8. 8. Prepare a Linux Computer for Smart Card Logon 151 Log on with a Smart Card 152 Smart Card Group Policy Settings 155 Managing PBIS Licenses 157 Create a License Container 160 Turn on Automatic Licensing 161 Import a License File 162 Assign a License to a Computer in AD 162 Manage a License Key from the Command Line 163 Check the License Key 163 Set a License Key 164 Release a License Key 164 Change the Type of License 165 Delete a License 165 Revoke a License 165 PBIS Reporting 166 Overview of the PBIS Reporting System 166 PBIS Data Collectors 166 Reporting Setup Preview 167 Requirements for the PBIS Reporting System 167 Configuring SQL Server 168 Install and Configure SQL Server 169 Create the LikewiseEnterprise Database 172 Install the PBIS Database Utilities 173 Planning SQL Server Database Security 174 Configuring MySQL 176 Create the LikewiseEnterprise Database 177 Install the PBIS Database Utilities 178 Customize Your MySQL Security Settings 179 Connecting the PBIS Console to the Database 180 Connect the PBIS Console to the Database 180 Verify That the Collector Processes Are Running 181 Run the Database Update Script 182 Run the Database Update Script from the Command Line 184 Configuring Computers to Forward Events to BTCollector 185 Configure Event Forwarding with Group Policy 186 Configure Event Forwarding with Local Settings 187 Cull Events from Syslog 187 Generate a Sample Report 188 Entitlement Reporting 189 Access Privileges by User 190 Access Privileges by Computer 190 Access Privilege Changes 190 Access Privilege Daily Changes 191 PBIS Enterprise Installation and Administration Contents BeyondTrust® June 21, 2013 8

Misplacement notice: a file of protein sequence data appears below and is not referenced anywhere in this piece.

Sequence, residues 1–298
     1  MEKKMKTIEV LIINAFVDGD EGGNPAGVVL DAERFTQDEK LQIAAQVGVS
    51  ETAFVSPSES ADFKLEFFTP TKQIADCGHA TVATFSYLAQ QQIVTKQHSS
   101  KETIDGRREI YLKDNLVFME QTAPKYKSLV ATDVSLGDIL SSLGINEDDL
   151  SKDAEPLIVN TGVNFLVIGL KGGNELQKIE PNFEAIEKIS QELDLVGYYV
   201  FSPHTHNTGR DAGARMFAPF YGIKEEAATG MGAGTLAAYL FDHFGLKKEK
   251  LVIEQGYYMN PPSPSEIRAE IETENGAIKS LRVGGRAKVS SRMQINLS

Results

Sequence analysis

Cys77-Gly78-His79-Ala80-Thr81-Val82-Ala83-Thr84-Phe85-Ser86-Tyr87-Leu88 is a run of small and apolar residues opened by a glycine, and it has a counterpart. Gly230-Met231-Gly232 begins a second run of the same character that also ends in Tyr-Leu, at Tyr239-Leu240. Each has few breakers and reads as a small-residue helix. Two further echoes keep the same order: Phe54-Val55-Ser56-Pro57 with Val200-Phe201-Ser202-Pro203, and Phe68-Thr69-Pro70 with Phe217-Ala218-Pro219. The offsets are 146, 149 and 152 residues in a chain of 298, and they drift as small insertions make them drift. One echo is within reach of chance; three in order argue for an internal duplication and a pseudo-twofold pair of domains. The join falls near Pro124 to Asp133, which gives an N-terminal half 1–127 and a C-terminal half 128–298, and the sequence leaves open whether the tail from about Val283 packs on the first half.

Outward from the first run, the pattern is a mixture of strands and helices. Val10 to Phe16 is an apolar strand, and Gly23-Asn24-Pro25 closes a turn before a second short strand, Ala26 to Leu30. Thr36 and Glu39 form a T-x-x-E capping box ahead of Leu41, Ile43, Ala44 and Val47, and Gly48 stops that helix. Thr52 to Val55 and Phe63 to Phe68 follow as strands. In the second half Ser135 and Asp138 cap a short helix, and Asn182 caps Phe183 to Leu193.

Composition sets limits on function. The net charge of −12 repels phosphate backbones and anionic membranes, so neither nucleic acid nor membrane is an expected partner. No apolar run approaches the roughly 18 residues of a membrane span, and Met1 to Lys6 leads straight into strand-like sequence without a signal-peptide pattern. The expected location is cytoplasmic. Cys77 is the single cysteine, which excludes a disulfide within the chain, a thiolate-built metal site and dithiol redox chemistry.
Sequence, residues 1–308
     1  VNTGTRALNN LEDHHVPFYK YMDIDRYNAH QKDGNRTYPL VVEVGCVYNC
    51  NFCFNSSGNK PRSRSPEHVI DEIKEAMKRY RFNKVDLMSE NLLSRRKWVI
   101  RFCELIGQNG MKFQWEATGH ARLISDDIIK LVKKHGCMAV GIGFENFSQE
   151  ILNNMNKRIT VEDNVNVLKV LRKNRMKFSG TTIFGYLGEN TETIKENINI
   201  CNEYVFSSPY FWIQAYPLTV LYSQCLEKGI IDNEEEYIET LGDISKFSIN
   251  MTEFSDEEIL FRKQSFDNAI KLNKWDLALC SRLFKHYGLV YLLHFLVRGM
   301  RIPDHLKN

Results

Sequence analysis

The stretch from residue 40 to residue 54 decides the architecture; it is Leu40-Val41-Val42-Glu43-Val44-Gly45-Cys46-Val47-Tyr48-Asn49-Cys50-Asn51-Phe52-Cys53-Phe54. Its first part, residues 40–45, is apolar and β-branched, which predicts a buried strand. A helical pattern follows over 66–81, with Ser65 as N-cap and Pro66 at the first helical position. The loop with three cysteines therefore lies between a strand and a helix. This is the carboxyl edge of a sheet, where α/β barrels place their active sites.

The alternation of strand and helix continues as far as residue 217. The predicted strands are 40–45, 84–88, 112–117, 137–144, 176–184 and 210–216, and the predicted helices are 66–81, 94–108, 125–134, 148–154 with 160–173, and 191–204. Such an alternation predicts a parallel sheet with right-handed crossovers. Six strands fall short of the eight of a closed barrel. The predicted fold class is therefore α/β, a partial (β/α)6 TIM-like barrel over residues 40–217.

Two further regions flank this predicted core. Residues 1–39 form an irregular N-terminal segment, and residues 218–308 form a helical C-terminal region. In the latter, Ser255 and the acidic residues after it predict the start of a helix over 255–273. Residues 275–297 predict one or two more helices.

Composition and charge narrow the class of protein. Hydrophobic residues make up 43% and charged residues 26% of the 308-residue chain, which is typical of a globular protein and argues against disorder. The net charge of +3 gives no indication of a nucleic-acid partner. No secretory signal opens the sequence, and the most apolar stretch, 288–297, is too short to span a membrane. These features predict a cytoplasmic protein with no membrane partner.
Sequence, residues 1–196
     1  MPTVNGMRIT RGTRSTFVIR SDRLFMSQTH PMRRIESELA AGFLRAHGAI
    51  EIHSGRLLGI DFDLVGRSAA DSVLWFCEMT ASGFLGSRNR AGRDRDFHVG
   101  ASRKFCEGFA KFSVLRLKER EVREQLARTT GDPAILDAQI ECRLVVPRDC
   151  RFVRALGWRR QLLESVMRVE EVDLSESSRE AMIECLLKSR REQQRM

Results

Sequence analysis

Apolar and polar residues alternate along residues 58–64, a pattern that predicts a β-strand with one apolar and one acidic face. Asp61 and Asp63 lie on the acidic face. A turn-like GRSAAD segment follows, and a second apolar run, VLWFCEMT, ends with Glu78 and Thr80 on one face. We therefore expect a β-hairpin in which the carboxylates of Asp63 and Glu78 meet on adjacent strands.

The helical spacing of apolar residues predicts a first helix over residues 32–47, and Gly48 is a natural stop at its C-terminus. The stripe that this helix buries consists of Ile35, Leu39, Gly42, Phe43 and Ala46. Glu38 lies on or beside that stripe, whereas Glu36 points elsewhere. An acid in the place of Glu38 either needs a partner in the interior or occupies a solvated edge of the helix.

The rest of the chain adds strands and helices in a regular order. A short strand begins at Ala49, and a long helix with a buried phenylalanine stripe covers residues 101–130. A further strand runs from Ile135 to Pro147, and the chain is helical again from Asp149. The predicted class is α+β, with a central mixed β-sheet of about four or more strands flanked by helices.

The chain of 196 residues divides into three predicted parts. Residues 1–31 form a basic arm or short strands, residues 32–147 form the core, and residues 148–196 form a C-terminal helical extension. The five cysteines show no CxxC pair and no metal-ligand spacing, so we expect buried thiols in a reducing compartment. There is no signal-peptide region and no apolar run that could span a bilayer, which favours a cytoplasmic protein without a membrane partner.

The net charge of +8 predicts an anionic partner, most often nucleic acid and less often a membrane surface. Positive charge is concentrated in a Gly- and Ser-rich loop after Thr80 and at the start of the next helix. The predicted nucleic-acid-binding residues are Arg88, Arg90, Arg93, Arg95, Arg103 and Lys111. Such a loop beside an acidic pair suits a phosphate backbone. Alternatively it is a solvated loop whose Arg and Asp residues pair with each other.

9. 9. Account Attribute Inconsistencies 191 Monitoring Events with the Operations Dashboard 191 Start the Operations Dashboard 192 Connect to a Database 193 Change the Refresh Rate 193 Configuring the PBIS Data Collectors 193 Configuring BTCollector Using the Shell Prompt 194 Configuring BTEventDBReaper Using the Shell Prompt 196 Using the Enterprise Database Management Plug-in 198 Connect to a Database 199 Change the Parameters of the Collectors 199 Configure the ACL for RPC Access 200 Archiving Events 200 Archive Events with the Console 200 Archive Events with the Command Line 201 Monitoring Events with the Event Log 202 View the Local Event Log 203 Event Types 205 Event Sources 207 Event Source IDs 207 Single Sign-On Using PBIS 211 How PBIS Makes SSO Happen 211 How to Implement SSO with PBIS 212 Enable PAM for SSH 213 Configure PuTTY for Windows-Based SSO 215 Configure PuTTY 216 Configure the Base Linux Computer in Active Directory 216 Configure Apache for SSO 218 Prerequisites 219 Configure Apache HTTP Server 2.2 for SSO on RHEL 5 221 Control Group Access with mod_authz_unixgroup 225 Configure Firefox for SSO 225 Configure Internet Explorer for SSO 227 Examples 229 Command-Line Reference 230 Manage PBIS Services (lwsm) 230 Modify Settings (config) 231 Start the Registry Shell (regshell) 231 Export the Registry to an Editor (edit-reg) 232 Change the Host Name in the Local Provider (set-machine-name) 232 Find a User or a Group 232 Find a User by Name 232 Find a User by UID 233 PBIS Enterprise Installation and Administration Contents BeyondTrust® June 21, 2013 9